The Bristow Train Depot and Museum is located in the historical Bristow train depot, constructed in 1923. Bristow grew up along a railroad running between Sapulpa and Oklahoma City. The museum features information about the town’s history and the people who shaped it. A former Atchison, Topeka & Santa Fe Railway caboose, built in 1929 and rebuilt in 1969, is on display next to the museum. It bears the paint scheme of the St. Louis–San Francisco Railway (the “Frisco”).
The British Museum is home to one of the most significant collections of artifacts related to human history, art and culture, including the Rosetta Stone. The museum is home to more than 100,000 objects from the Classical world, making it one of the most comprehensive collections of antiquities from that era. It was established in 1753 and primarily based on the collections of the physician and scientist Sir Hans Sloane. The museum, located in the Bloomsbury section of London, first opened on Jan. 15, 1759. More than 5.8 million people visit the museum annually, making it the most visited museum in England.
The San Francisco Cable Car Museum on Mason Street in San Francisco’s Nob Hill neighborhood is the perfect museum for anyone who wants to learn more about the history of the city’s unique attraction. The museum includes a number of old cable cars and exhibits about how they operate. Visitors can also see the powerhouse and the actual cables that pull cars up and down the city’s many hills.
The Cable Car Museum opened in December 2000 in the former winding house, which operated from 1902 until 1978, at the Kelburn end of the Wellington Cable Car. The museum houses a pair of original grip cars that once ran along the line. No. 1 is in red 1970s livery and features contemporary advertising, while No. 3 was restored in 2005 to a green livery dating to circa 1905; a San Francisco Cable Car bell was also added. If nothing else, the area around the museum offers some of the best views of Wellington.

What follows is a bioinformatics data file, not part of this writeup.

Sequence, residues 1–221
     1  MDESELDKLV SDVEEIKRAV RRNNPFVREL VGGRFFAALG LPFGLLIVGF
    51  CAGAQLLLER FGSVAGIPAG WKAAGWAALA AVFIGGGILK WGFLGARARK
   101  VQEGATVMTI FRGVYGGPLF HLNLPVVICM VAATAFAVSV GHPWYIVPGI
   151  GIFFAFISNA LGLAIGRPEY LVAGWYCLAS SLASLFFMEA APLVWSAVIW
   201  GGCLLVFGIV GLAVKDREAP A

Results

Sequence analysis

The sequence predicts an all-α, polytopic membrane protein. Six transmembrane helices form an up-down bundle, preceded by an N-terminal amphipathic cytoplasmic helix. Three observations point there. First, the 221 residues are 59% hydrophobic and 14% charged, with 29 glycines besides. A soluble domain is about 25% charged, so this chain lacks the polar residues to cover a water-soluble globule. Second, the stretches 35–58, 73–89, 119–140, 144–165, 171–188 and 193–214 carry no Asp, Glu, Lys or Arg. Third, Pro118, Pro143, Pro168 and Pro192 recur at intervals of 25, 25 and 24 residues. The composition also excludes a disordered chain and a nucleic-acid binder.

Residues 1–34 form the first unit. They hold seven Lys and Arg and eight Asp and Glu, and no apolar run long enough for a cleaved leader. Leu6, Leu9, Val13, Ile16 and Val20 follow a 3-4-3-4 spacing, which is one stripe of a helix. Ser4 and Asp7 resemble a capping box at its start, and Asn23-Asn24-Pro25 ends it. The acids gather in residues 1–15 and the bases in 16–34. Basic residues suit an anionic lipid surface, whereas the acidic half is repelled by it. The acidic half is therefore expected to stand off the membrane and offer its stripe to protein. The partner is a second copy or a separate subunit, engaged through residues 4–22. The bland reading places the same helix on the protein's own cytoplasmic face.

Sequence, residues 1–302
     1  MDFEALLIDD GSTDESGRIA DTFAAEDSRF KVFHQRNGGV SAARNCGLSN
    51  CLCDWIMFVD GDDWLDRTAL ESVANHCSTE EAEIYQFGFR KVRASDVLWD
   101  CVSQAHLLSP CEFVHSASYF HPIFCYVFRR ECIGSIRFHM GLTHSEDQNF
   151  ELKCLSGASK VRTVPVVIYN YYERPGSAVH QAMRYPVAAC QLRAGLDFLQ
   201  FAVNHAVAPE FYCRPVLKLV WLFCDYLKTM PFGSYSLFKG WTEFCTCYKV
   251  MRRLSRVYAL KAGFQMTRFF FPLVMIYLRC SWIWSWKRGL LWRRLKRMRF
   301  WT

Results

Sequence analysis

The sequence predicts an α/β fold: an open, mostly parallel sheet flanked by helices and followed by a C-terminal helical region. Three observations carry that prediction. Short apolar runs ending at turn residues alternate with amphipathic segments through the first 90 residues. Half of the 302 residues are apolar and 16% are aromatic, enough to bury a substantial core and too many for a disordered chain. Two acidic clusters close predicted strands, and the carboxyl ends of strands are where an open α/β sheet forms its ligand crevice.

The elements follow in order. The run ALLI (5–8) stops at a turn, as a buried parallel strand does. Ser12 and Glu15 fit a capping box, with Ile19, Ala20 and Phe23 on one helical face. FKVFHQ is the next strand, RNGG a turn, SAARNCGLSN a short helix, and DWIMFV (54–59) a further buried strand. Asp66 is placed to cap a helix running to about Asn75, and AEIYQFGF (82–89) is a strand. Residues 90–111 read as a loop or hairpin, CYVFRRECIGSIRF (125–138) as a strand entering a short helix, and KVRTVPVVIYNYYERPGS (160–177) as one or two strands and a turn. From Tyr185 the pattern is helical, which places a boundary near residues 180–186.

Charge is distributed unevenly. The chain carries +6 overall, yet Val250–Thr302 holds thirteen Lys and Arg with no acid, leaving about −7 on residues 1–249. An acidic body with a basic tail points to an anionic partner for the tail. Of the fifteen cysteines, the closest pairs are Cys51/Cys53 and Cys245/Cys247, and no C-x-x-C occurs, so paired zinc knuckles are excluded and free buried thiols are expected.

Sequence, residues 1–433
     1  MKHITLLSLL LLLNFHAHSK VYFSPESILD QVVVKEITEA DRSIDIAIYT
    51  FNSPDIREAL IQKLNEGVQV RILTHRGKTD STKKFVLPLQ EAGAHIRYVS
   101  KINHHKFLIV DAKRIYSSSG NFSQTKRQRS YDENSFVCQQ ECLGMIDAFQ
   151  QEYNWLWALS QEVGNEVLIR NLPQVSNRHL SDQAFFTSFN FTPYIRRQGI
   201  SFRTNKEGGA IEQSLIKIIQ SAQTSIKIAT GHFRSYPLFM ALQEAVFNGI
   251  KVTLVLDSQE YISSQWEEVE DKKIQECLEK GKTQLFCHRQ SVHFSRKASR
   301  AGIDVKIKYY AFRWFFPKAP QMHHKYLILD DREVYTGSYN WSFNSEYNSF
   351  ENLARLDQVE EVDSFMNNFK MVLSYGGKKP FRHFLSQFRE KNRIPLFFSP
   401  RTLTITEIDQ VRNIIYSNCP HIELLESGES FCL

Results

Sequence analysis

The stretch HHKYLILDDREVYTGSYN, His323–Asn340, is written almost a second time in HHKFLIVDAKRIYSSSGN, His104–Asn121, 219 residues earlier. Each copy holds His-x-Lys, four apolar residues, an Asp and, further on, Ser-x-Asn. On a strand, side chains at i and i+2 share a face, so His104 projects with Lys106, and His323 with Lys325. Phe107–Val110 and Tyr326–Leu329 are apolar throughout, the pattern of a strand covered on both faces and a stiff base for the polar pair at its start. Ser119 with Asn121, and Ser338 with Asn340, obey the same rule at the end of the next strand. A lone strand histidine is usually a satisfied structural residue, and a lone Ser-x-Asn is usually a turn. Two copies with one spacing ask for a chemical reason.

Julius von Haast, a German geologist, founded the Canterbury Museum in 1867. He used his collection as the core of the museum’s exhibits. The Canterbury Museum opened to the public in December 1867 and moved to its current location in October 1870. The museum is part natural history museum and part history museum. Its extensive holdings include the largest collection in the world of Antarctic objects from the age of exploration and discovery.
The Capitoline Museums are located on the Piazza del Campidoglio atop of Capitoline Hill in the heart of Rome. Pope Clement XII opened the museums to the public in 1734. The museum’s stunning collection includes the Ancient Roman Dying Gaul (also known as the Dying Galatian) statue, the bronze statue of the Capitoline Wolf nursing Romulus and Remus and the original equestrian statue of Marcus Aurelius that once stood in Piazza del Campidoglio.
The house of John Luther “Casey” Jones is today a museum. Although it has been moved from its original location, it is open to the public and features a wide array of exhibits, including railroad memorabilia and Jones’ personal effects. A life-sized replica of Illinois Central engine No. 382, the locomotive Jones was engineering on his last trip, sits behind Jones’ house. The actual locomotive was repaired after the wreck and ran for 35 years before being scrapped.
The Central Ohio Fire Museum & Learning Center opened in 2002 inside the restored historic Columbus Engine House (No.16) dating to 1908. In addition to historic engines and equipment, the museum aims to educate visitors about the dangers of fire and features a Safety Kitchen and a Safety Bedroom showing potential hazards and how to escape in an emergency.
Christchurch Art Gallery Te Puna o Waiwhetu opened in May 2003 and replaced the former Robert McDougall Art Gallery, which opened in 1932. The Christchurch Art Gallery is home to works by both New Zealand and international artists. Following the 2010 Canterbury earthquake and the February 2011 Christchurch earthquake, Civil Defence used the building as a headquarters. The art gallery reopened in December 2015 following extensive refurbishments.
To run the government and military during World War II, Prime Minister Winston Churchill needed a place safe from German bombing raids. He found that place in a sprawling underground complex today known as the Churchill War Rooms. The complex was operational starting Aug. 27, 1939, a week before Great Britain declared war on Germany. The museum complex offers an incredible, one-of-a-kind look at Winston Churchill and England’s approach to World War II. The complex is home to meeting rooms, bedrooms and map rooms, where the war’s progress was plotted and monitored.